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Last updateTue, 01 Aug 2017 5pm

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After admittance, students still may have work to complete

College applications are in, and sighs of relief can be heard all over the country as admissions decisions are being received.

But for more and more students each year, there is still one more hurdle to jump after matriculating to their first-choice university. Many colleges are increasingly using a dual approach in admitting students into highly competitive programs. The approach includes:

• Direct admissions: The student is admitted directly, as a freshman, into both the college and major of his or her choice.

• Pre-admissions: The student is admitted into the college as a “pre-major” and must complete a prescribed curriculum with a minimum grade-point average to be admitted into the selected major. Admissions may be competitive, and not all students will move from “pre” to actual major. So in this case, the student competes twice – once at admissions and again after completing the prerequisites for program admission.

An increasing number of majors are starting with pre-admissions, and many universities offer pre-admissions in those majors. Following is a current sampling.

• Business: University of Arizona, University of Colorado at Boulder, University of Oregon, San Diego State

• Computer science: University of Arizona, UC Berkeley (Bachelor of Arts option), UC Santa Barbara, University of Washington

• Engineering: University of Colorado at Boulder, Oregon State, University of Washington

• Nursing: San Francisco State, San Jose State, Sonoma State, University of Wisconsin at Madison

Most universities do a combination of direct and pre-admissions. Actual numbers differ by university/college, but usually the top 5-10 percent in the academic pool are directly admitted, provided they have completed prerequisites (like calculus for engineering) and are further required to maintain a high GPA to remain in their major. The other 90-95 percent of students are pre-admitted to the major and must follow a specific curriculum with a predefined GPA and/or an additional admissions application before being accepted into their chosen major.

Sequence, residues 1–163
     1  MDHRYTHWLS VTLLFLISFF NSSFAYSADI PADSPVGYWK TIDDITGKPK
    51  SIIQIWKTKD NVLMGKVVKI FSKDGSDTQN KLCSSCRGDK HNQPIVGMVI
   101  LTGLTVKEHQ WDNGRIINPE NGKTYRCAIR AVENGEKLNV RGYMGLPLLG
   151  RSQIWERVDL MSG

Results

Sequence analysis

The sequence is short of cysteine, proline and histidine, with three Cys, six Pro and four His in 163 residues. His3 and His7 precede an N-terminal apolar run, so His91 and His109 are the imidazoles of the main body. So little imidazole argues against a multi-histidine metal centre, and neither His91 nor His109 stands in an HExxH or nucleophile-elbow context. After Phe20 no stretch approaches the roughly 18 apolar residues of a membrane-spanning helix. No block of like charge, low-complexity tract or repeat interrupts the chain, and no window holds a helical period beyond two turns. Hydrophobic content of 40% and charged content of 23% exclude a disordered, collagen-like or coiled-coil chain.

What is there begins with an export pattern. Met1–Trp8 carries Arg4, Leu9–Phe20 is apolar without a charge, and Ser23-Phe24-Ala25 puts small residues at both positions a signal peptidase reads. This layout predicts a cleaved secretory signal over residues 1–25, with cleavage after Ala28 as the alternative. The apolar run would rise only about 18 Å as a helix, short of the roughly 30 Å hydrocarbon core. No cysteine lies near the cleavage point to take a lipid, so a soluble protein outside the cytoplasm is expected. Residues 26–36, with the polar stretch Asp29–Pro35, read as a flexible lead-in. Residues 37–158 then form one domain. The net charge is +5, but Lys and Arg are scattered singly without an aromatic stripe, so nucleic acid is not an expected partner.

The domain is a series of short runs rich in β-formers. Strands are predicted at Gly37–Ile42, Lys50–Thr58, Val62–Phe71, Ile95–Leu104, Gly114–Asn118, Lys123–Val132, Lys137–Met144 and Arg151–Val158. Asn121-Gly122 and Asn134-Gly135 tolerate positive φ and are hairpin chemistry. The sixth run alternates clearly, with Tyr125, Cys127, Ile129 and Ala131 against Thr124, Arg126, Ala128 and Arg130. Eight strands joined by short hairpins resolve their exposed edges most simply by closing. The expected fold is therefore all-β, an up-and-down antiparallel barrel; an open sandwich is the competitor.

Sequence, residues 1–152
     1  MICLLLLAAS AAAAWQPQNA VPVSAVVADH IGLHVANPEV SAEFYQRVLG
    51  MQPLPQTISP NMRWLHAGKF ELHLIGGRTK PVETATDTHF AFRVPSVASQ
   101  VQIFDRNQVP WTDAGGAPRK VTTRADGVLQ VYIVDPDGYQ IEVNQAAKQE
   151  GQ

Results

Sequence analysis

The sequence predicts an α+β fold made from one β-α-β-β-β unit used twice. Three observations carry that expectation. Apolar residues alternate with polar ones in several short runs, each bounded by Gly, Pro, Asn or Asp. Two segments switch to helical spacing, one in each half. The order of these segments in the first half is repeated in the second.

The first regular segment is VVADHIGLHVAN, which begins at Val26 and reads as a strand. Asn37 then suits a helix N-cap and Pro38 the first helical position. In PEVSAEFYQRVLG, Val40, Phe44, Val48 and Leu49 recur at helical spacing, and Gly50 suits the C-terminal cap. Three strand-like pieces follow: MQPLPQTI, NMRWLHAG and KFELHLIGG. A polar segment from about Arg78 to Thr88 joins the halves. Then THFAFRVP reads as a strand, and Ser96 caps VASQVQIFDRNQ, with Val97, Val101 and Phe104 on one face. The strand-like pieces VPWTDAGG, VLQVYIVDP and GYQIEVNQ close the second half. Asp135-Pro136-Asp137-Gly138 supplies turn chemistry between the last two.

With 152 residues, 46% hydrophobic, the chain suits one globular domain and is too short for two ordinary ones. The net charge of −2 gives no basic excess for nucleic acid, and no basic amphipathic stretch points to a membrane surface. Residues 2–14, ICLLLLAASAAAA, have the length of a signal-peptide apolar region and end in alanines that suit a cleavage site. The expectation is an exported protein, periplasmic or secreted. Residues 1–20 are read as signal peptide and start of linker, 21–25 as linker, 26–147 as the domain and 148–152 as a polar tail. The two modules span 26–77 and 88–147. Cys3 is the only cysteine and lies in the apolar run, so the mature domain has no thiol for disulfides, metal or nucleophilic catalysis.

Some programs will auto-admit anyone with a minimum GPA. For example, currently a cumulative college GPA of 3.0 is enough to gain admission to the full business program at San Diego State. Other programs require a minimum GPA and an application.

Many of the programs are impacted, and admissions rates vary widely by college and program. The University of Washington, for example, admits only approximately 30-35 percent of pre-engineers, while the University of Colorado admits roughly 65 percent. That 65 percent number is more promising than it sounds, because it is quite common for students to self-select out of the program during the pre years, especially in engineering. Most of the 35 percent who do not move on are due to attrition in the program rather than from being denied. Those who are denied, however, face a tough choice: transfer to another university to complete their initial course of study or accept a different major at their original college.

So before making that all-important matriculation decision, students should do their research and understand whether the program is direct or pre-admit.

Hollis Bischoff is a college admissions adviser for Strategies 4 Admission LLC. She earned a graduate certificate in college and career counseling from UCLA and is a Certified Educational Planner. She blogs about college admissions at strategies4admission.com/blog and tweets at @collegeunlocked. For more information, email This email address is being protected from spambots. You need JavaScript enabled to view it..

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